There are six major porphyrias, and each one is associated with a different enzyme deficiency. Most porphyrias are inherited in an autosomal dominant fashion, with one normal and one affected gene. This results in about a 50% reduction in the activity of the heme-related enzyme. Enough heme is synthesized to prevent the affected person from becoming anemic, but a large excess of one or more precursors is produced.
Porphyrias may be classified according to:
- The affected enzyme
- The part of the body where the excess porphyrins are produced
- Hepatic - associated with the liver
- Erythropoietic - associated with red blood cell production or
- The signs and symptoms of the disease (neurological/psychiatric, cutaneous, or both).
Those porphyrias that cause neurological/psychiatric symptoms present with acute attacks that may last for days or weeks. They are associated with abdominal pain, nausea, constipation, depression, confusion, hallucinations, and seizures. Attacks may be triggered by a variety of drugs (such as anticonvulsants, antibiotics, and hormones) and environmental factors (such as dietary changes, stress, and exposure to toxic substances).
The cutaneous porphyrias are associated with photosensitivity. Sunlight exposure, even through a glass window, has a toxic effect on the patients skin. This may cause redness, swelling, and a burning sensation in some patients, while in others it leads to blistering, skin thickening, hyperpigmentation, and in some cases scarring.
Acute attack porphyrias (neurological/psychiatric) include:
- Acute intermittent porphyria (AIP), the most common of the neurological porphyrias
- Variegate porphyria (VP), which includes both neurological symptoms and photosensitivity
- Hereditary coproporphyria (HCP), which may present with neurological symptoms, photosensitivity, or both
Cutaneous porphyrias include:
- Porphyria cutanea tarda (PCT), the most common porphyria; it is unlike the other porphyrias. Most cases are due to an acquired enzyme deficiency that is triggered by liver dysfunction.
- Protoporphyria (also called erythropoietic protoporphyria), typically begins in childhood or adolescence; sun-exposed skin turns red accompanied by burning and itching, but scarring is uncommon.
- Congenital erythropoietic porphyria (CEP), a very rare autosomal recessive disorder; over time, extreme photosensitivity leads to extensive and severe scarring of light-exposed areas.
In rare cases, a patient may have two different porphyrias or a homozygous deficiency of one enzyme that produces a more severe form of porphyria.
Clinical laboratories measure porphyrins and their precursors in urine, blood, and feces. These tests are listed below:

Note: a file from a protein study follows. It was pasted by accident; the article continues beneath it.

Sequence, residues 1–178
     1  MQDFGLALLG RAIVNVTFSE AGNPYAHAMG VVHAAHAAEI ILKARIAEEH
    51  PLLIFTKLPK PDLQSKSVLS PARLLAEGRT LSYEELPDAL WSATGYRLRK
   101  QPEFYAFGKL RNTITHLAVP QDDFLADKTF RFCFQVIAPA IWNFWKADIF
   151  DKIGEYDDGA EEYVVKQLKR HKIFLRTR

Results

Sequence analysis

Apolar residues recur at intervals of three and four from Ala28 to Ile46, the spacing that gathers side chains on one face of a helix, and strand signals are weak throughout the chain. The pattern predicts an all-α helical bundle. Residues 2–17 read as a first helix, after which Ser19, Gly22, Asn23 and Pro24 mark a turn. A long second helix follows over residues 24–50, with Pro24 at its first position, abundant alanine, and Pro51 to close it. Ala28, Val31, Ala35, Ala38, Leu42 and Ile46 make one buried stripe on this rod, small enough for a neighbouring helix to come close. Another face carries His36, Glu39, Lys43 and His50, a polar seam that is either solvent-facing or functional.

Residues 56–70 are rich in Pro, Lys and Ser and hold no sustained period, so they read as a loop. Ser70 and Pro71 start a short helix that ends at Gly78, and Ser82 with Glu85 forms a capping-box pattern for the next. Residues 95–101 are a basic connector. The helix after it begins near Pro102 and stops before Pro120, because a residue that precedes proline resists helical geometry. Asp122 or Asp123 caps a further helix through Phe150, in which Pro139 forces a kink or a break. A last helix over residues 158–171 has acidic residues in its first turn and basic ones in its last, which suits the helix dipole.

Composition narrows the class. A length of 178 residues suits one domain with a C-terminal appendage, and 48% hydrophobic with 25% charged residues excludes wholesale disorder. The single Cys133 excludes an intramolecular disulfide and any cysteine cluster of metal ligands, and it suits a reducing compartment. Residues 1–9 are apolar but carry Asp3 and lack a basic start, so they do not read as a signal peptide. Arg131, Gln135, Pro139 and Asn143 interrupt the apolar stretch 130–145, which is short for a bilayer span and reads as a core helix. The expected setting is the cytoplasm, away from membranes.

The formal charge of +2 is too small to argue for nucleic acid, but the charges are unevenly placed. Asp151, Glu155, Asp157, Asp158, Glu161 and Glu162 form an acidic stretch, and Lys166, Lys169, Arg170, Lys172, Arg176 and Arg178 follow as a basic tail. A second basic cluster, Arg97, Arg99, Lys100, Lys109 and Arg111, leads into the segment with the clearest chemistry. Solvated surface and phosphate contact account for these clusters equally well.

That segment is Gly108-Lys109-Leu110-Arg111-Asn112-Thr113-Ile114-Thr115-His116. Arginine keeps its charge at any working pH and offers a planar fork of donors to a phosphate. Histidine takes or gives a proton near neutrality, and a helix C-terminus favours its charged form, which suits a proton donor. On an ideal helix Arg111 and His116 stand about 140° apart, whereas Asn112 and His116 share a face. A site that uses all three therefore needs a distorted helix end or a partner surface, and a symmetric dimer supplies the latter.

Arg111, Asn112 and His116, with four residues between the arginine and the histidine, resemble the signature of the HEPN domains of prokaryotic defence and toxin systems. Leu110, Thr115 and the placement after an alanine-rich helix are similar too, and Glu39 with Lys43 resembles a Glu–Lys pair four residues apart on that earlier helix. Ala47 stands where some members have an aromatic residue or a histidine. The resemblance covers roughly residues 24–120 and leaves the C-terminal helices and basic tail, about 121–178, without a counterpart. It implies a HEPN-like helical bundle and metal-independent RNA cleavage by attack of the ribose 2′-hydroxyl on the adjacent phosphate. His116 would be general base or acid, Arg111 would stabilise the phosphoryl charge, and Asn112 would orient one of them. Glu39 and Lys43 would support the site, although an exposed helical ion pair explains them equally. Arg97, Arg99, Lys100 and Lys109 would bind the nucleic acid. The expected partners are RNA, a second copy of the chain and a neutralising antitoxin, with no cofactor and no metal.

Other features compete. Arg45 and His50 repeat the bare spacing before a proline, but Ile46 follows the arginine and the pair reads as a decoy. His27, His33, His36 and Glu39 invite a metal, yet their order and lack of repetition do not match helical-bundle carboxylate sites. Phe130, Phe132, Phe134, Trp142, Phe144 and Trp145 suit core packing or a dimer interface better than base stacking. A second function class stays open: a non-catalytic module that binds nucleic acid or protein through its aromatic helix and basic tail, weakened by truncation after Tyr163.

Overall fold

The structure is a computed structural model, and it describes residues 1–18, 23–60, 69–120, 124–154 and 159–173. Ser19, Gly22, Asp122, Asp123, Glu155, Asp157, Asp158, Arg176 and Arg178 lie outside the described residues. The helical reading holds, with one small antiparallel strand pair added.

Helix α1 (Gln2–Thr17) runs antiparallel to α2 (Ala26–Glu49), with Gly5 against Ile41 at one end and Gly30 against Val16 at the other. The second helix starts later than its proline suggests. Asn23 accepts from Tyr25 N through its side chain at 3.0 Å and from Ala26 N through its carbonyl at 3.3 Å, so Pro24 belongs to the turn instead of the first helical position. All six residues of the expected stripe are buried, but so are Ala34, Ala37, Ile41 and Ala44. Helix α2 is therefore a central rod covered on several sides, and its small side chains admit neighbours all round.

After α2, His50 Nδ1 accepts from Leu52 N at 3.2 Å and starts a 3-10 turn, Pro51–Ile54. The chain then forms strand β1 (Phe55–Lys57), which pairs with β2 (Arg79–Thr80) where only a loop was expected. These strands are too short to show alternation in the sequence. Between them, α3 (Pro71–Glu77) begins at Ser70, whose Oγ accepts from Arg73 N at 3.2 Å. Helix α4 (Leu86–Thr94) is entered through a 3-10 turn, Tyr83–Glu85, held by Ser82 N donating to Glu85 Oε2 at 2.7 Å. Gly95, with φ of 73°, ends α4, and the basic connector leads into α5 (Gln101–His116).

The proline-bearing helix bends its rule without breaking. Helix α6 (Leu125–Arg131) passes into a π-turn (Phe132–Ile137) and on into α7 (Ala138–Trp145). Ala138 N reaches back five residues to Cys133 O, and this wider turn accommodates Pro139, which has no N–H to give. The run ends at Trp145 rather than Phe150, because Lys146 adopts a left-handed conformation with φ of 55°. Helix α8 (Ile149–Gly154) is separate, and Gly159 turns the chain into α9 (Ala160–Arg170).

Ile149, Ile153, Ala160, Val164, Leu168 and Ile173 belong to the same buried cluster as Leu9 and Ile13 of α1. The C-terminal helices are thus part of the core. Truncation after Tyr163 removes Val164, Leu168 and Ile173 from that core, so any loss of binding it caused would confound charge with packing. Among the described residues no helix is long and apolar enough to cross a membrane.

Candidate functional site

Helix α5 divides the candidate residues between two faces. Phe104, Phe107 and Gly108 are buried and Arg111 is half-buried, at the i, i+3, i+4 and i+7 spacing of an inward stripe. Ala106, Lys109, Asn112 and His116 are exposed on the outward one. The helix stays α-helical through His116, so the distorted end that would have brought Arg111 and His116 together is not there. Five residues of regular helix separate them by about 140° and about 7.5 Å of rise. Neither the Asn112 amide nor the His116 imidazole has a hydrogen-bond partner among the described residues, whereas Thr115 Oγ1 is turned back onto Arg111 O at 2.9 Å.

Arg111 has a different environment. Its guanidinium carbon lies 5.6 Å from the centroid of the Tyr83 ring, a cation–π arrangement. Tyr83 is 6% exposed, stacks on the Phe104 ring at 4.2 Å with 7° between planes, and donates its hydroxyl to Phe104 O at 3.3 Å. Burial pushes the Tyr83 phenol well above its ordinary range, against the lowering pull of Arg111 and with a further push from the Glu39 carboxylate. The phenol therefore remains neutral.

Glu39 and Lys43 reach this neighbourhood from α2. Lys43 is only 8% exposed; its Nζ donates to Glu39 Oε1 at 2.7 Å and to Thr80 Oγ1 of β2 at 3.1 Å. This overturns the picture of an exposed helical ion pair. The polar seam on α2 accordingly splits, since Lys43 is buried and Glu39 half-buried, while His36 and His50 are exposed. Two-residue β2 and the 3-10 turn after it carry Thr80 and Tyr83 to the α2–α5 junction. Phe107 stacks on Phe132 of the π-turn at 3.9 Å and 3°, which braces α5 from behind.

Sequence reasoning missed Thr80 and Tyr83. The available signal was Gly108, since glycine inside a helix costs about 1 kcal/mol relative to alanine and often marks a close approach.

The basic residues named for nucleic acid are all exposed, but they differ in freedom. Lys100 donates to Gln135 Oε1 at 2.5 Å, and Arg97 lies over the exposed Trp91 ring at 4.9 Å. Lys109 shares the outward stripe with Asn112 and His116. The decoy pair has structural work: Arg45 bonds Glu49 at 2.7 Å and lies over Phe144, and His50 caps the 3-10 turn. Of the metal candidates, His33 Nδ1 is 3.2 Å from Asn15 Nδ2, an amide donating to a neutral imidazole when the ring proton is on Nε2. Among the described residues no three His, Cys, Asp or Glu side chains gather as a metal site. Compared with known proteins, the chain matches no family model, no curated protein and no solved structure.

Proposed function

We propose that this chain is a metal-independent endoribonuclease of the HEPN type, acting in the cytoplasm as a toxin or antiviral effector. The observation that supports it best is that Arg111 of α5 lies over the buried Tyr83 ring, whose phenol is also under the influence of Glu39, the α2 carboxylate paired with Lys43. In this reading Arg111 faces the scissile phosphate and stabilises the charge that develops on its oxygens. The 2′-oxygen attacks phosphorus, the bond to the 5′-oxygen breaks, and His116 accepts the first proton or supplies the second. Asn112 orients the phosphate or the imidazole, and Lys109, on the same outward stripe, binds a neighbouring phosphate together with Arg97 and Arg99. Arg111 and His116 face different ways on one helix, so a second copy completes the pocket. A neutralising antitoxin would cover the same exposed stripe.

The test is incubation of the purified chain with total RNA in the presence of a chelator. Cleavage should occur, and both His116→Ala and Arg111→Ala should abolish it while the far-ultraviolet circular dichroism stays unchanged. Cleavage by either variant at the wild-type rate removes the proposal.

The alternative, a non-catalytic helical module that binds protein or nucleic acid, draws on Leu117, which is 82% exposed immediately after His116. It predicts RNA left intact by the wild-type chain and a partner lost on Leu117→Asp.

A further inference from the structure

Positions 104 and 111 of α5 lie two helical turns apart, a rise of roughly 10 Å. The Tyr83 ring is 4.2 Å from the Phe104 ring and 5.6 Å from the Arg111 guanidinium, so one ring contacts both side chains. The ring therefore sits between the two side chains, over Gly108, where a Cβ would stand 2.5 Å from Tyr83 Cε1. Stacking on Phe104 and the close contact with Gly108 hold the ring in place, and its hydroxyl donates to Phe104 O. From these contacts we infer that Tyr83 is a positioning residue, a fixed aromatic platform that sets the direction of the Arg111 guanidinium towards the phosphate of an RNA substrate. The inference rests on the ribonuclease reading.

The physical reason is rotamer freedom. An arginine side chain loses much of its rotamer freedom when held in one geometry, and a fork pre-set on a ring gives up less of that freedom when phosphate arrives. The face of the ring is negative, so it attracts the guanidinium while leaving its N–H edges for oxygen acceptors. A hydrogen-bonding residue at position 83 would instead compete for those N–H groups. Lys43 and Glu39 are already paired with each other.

- Delta-aminolevulinic acid (ALA) in urine
- Porphobilinogen (PBG) in urine
- Porphyrins including uroporphyrins, coproporphyrins, and protoporphyrins in urine, feces, or blood
- Zinc protoporphyrin (or free erythrocyte protoporphyrin), one test for protoporphyrins in red blood cells
Specialized laboratories may offer testing for one or more of the affected enzymes. The most commonly measured enzyme is porphobilinogen deaminase (PBG-D) in red blood cells, which tests for patients with acute intermittent porphyria. A few research laboratories offer genetic testing for specific gene mutations that cause one of the porphyrias, but this remains primarily a research tool.
How is the sample collected for testing?The sample collected depends on the porphyrin tests being ordered. It may be one or more of the following:
- A blood sample obtained by inserting a needle into a vein in the arm
- A random or 24-hour urine collection (urine must be protected from light during collection)
- A fresh stool sample that is not contaminated with urine or water
Is any test preparation needed to ensure the quality of the sample?No test preparation is needed.
How is it used?
Porphyrin testing is used to help diagnose and sometimes to monitor porphyrias. Since the symptoms associated with these disorders may also be seen in a variety of other conditions, testing is also used to help rule out the presence of a porphyria in someone who presents with neurologic/psychiatric or cutaneous symptoms.
For acute attacks, porphobilinogen (PBG) and urine porphyrins may be ordered on a random urine sample. If these are abnormal, they are followed by delta-Aminolevulinic Acid (ALA), PBG, and/or porphyrin testing on a 24-hour urine sample. Fecal porphyrins may be ordered to help distinguish between VP and HCP.